Since Hurricane Dorian hit the Bahamas, Brittany Garvin has helped over 40 families reunite and 52 people evacuate.
Garvin, however, is not on the ground taking part in the relief effort on Great Abaco or elsewhere in the island chain. Instead she sits for up to 14 hours a day at her computer in Charleston, South Carolina.
Garvin got involved in the rescue effort after seeing a video on Facebook of a woman on Great Abaco asking for help finding her family. Garvin started looking online and eventually found them on Nassau. The grateful woman tagged Garvin in a Facebook post.
And that's when requests from other islanders started pouring in.
“There have been times Charleston has been hit hard, and we have been fortunate enough to have neighbors that care. I like to be able to pay it back,” said Garvin, 30, who herself lost power after Dorian’s strong winds knocked out her electricity. Six days later, the power is still out and she is able to continue her work only with the help of a generator.
“I didn’t even know I was capable of doing this from Charleston,” added Garvin, a nurse, who previously volunteered on the ground in January 2018 after Hurricane Maria in Puerto Rico and Hurricane Matthew in North Carolina.
Garvin is one of many Americans reaching out to Bahamians and trying to help in whatever way they can. Facebook groups are filled with posts from Americans offering evacuees a temporary home, while many other volunteers are parked at their computers night and day, matching up Bahamians with the resources they need, from basics like shelter and clothing to ferry and flight schedules.
The catastrophic Category 5 storm hit the islands with winds of 185 mph in a two-day assault. At least 50 people were killed and many others have been reported missing. It is feared that number will rise.
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Most deaths were in the Abaco Islands, home to some 17,000 people.
Others like Britne White have been able to assist with the rescue operation on the ground.
In the last week, White has flown to Abaco twice on a friend's private plane to deliver medicine, tarps, food, clothing and other supplies that she collected in her hometown, St. Augustine, Florida.
“I’m a competitive sailor and I go a couple times a year to Abaco. Over the years, I’ve gotten to know a lot of the people there, and when this happened I knew right away that I had to do something,” White said.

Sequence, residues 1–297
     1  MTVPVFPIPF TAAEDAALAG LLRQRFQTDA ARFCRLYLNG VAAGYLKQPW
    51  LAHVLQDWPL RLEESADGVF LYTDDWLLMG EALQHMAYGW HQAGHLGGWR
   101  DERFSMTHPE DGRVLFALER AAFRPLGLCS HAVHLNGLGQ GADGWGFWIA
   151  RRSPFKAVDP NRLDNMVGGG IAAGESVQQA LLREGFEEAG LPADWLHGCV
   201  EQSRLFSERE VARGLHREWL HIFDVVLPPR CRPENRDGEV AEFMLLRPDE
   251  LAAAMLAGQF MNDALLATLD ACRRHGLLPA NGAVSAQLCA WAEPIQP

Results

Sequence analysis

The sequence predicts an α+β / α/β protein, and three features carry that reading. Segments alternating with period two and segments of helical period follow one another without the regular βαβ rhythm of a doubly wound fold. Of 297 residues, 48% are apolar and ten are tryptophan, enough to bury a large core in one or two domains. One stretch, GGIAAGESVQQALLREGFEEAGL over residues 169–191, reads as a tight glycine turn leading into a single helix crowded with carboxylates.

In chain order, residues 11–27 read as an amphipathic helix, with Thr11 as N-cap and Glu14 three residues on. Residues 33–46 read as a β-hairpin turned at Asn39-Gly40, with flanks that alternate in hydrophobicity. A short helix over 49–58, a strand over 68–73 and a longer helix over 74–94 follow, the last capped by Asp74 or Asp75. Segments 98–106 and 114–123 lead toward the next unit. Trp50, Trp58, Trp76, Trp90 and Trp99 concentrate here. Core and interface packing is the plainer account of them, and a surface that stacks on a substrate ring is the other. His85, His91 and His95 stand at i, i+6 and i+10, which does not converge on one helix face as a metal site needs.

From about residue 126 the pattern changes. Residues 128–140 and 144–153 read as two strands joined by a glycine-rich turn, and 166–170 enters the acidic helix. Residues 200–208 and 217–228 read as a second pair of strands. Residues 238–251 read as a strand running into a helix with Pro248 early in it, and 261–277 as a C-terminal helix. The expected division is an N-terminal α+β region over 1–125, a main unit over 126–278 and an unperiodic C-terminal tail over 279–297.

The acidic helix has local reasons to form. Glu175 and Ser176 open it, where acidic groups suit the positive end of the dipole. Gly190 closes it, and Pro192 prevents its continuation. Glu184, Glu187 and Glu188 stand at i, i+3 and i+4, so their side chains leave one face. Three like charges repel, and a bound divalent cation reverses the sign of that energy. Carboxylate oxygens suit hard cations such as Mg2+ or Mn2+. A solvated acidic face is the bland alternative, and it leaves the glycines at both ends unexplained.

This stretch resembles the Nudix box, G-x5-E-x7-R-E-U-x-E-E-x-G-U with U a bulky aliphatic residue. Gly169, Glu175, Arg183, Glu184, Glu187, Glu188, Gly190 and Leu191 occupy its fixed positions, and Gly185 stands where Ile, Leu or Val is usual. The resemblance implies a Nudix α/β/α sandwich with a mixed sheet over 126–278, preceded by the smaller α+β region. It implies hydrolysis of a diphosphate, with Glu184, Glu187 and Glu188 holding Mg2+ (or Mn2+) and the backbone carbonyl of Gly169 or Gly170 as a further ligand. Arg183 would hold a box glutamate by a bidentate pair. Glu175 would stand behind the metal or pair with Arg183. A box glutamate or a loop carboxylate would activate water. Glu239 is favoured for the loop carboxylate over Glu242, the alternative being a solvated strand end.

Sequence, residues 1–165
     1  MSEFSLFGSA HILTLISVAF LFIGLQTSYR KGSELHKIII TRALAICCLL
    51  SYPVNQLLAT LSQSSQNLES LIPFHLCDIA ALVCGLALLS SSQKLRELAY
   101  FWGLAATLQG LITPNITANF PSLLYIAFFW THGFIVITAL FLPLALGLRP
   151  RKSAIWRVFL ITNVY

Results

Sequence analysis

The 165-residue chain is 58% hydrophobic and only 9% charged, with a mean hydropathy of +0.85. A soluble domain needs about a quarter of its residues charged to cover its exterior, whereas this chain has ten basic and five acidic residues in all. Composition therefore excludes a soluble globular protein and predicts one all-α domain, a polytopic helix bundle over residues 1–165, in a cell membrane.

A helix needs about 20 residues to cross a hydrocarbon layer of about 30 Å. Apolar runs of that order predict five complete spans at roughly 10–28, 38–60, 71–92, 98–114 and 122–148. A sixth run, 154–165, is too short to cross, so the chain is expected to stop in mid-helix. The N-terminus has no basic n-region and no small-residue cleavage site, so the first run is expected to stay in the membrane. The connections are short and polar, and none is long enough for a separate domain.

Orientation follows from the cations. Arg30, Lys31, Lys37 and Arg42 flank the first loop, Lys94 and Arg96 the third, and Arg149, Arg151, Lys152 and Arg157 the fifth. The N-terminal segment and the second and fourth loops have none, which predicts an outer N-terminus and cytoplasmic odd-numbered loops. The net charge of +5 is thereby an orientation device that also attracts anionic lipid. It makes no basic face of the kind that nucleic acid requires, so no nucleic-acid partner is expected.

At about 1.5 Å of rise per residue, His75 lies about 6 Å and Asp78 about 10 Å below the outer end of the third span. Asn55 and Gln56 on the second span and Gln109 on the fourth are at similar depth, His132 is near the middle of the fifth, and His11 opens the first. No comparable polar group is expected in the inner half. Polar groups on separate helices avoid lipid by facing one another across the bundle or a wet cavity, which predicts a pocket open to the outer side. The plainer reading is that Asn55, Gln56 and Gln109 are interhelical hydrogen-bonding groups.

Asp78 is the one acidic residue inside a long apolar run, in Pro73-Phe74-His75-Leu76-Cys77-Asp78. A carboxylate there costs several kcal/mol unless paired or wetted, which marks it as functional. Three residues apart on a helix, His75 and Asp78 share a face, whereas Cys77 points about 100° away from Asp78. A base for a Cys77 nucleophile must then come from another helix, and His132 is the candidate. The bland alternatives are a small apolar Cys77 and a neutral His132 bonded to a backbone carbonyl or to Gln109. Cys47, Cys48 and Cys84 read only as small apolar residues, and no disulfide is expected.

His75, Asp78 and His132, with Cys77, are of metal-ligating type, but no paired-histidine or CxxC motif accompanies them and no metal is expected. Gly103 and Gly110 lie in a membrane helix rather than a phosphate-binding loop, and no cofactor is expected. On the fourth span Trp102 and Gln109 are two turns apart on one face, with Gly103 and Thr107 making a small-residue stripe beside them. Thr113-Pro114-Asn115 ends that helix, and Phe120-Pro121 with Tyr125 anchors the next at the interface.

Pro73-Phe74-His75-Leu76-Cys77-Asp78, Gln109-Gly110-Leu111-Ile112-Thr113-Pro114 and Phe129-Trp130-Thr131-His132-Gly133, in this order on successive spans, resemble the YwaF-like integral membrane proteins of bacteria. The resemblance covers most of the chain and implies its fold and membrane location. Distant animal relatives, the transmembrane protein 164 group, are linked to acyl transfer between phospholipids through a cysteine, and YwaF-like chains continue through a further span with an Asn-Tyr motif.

She also decided to open her three extra bedrooms to evacuees for at least a month. Since she posted her offer Monday on a Facebook group, she has received over 50 requests for shelter.
She plans to fly to the Bahamas in the coming days to pick up the mother and children she plans to house.
Linda Oxendine isn’t able to go to the Bahamas herself to help, but the retired nurse has worked 14 hours a day at her computer to help people there.
“I’ve been in Florida all my life and have prepared for hurricanes, but Hurricane Michael, that made me a believer,” Oxendine, 51, whose Jackson County home was badly damaged in the 2018 storm. “Almost a year later I’m still under tarps. I understand what they’re going through.”
On Monday, Oxendine offered hope to Roey Hussle, who arrived in Nassau on Monday after leaving Abaco on a ferry Sunday night. Oxendine saw a Facebook post that Hussle wrote asking for help evacuating, and sent her information on how to get out.
“She was encouraging me to stay strong and not give up,” Hussle wrote on Facebook Messenger about Oxendine. “She hasn’t stop messaging me yet with help and concern. I don’t know her, but I feel like I’ve know her for years.”
Online activists around the U.S. often join forces, forming groups on Facebook and working to spread reliable information to Dorian’s victims. Many of them have disaster relief contacts from previous disasters who they can quickly and easily call on to assist those currently in need.
Nadine Smalling deployed to Puerto Rico eight times to help out in the aftermath of Hurricane Maria and now spends 18 hours a day facilitating disaster relief in the Bahamas from her home in Rahway, New Jersey.
“Right now, I’m working on logistics to move couple hundred water filtration units from Nassau to the smaller islands,” said Smalling, 51. “I use an iPad and an iPhone, and sometimes my laptop and PC with two screens.”
After her work with Hurricane Maria, she decided to volunteer full time on relief efforts for weather-related disasters around the country. In addition to her network of on-the-ground rescuers, she has worked closely since Dorian hit with friends she made during Hurricane Maria’s cleanup.
Maria Malave Ruperto, 51, lives in Lancaster, Pennsylvania, and went with Smalling to Puerto Rico three times. She got involved in Dorian relief efforts the week it hit and has slept only three or four hours a night since then.
“I don’t even have a passport,” Ruperto said.
Our work “is a passion at first, but now it’s a duty.”
Rachel Elbaum is a London-based editor, producer and writer.